Suspicions were raised when thousands of listeners voted for the mock parliamentary bill which would allow homeowners to use "any means" to defend their homes from intruders. Such a law would have protected Mr Martin, who was jailed for the manslaughter of a teenage burglar, Fred Barras, in 1999.


    And from the BBC article, linked above, a dire warning of what such mad and irresponsible ideas would lead to:


    But leading criminal barrister John Cooper warned that the idea was dangerously flawed.

    He said: "The law as it stands at the moment, despite its critics, is functioning. If you are in your house and you are attacked by someone or threatened by someone, you can use proportionate force.

    "We do not live in the wild west. This legislation that is proposed effectively may well turn us into that."


    Thus proving that it is possible to be wrong on more than one level. For a start the 'wild west' was nowhere near as wild as legend would have it. But I'm quibbling here because I sort of know what he is driving at. He thinks RKBA and a right to self-defence would result in a desolate landscape riven with feuds, lynchings and random acts of carnage. He is still wrong though because that is exactly the type of scenario we are heading for now. The virtually unprotected citizen is easy meat for predatory.

    Having assumed a monopoly of the crime-control business, the British state has found it cannot actually do that job and, increasingly, is disinclined to even try. The only thing they can maintain is the pretence by landing like a ton of bricks on any citizen who dares to be more than a docile farm-animal.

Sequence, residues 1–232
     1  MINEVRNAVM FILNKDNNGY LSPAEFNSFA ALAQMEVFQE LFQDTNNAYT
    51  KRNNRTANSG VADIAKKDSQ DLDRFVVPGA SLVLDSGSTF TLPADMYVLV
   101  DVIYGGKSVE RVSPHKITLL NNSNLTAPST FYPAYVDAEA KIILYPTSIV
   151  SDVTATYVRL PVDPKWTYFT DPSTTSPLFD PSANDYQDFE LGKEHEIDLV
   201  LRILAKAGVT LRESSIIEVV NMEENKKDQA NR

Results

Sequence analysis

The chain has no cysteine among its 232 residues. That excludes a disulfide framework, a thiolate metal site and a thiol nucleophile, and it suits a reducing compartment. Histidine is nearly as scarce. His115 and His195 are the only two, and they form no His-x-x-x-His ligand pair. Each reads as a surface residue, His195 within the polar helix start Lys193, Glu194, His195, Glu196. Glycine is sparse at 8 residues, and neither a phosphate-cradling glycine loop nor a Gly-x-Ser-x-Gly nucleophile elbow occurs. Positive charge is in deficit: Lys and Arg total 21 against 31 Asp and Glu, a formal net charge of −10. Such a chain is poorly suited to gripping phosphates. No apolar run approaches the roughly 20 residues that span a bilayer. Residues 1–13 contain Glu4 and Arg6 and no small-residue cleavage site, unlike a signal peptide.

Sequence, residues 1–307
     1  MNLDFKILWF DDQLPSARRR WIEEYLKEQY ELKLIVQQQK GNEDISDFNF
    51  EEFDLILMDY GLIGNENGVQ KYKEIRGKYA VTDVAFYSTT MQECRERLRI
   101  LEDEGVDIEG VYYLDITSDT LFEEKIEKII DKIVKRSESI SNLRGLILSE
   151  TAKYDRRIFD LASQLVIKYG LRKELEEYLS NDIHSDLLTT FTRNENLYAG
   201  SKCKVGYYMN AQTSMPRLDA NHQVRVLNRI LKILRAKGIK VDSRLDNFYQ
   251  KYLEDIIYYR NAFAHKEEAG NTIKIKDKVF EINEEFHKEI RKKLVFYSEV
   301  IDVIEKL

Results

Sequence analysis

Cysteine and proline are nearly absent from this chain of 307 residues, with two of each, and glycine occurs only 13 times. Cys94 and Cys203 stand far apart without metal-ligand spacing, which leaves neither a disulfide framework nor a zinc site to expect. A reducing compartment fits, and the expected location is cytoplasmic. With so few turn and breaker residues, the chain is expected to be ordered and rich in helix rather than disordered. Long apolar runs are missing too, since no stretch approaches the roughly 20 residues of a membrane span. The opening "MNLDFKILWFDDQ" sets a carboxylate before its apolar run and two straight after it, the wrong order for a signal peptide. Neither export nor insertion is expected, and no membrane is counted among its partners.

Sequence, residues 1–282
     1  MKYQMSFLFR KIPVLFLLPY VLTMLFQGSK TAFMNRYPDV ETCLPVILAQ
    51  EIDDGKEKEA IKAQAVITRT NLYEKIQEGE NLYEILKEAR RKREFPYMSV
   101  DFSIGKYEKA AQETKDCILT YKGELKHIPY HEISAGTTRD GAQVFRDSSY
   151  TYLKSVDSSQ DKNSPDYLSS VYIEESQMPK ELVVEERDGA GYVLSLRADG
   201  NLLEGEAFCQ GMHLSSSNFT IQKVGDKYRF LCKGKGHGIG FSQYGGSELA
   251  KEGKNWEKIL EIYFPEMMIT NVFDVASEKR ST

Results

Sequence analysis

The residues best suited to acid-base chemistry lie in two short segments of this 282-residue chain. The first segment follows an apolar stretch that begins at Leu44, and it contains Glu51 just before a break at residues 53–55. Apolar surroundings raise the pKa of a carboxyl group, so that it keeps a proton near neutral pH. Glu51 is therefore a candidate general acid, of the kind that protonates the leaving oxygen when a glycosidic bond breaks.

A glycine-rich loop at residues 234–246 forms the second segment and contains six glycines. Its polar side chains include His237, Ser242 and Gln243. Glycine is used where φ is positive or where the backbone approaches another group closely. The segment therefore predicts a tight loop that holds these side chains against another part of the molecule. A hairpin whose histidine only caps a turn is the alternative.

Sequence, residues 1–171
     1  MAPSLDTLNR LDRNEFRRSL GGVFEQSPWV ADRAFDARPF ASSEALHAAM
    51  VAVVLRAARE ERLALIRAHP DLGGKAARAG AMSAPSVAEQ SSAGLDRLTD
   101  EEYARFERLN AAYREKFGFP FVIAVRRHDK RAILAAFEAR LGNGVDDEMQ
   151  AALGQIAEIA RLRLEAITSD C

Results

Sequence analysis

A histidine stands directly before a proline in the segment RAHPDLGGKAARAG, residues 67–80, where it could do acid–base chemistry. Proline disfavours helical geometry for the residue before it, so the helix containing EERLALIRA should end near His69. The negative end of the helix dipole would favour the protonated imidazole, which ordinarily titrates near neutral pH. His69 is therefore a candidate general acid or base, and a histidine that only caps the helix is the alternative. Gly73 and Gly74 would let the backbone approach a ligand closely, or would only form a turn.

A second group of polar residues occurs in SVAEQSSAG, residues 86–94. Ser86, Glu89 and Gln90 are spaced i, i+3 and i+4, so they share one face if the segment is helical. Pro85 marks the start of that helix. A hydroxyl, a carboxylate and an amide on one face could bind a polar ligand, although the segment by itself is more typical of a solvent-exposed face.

The result of the BBC poll gives lie to the whole facade. People are losing faith in the ability (and even willingness) of the state to come to their aid in time of crisis. As the police spend more of their time collecting taxes and scoring brownie points with their political masters, this disquiet will only grow.
     
  2. Annie
    Offline

    Annie Diamond Member

    Joined:
    Nov 22, 2003
    Messages:
    50,847
    Thanks Received:
    4,644
    Trophy Points:
    1,790
    Ratings:
    +4,770
    Ok, so I'm replying to myself, that's ok, I talk to myself too. Here's some more on that BBC poll, displaying that our British cousins may not be so different than us, but their politicians sure are:

    BBC elites confounded by their listeners

    http://www.americanthinker.com/comments.php?comments_id=53
    The BBC recently gave its radio listeners a chance to express their will, but did not want to hear the result. The great unwashed mass, who cough-up the license fees which pay the Beeb’s freight, were asked to suggest a piece of legislation to improve life in Britain, with the promise that an MP would then attempt to get it onto the statute books.



    Listeners to BBC 4’s Today program (the very same show which claimed that intelligence on Iraqi WMDs had been “sexed up”), reposnded with a suggestion that would allow homeowners to defend themselves against intruders, without facing legal liabilities. The winning proposal was denounced as a "ludicrous, brutal, unworkable blood-stained piece of legislation" - by Stephen Pound, the very MP whose job it is to try to push it through Parliament.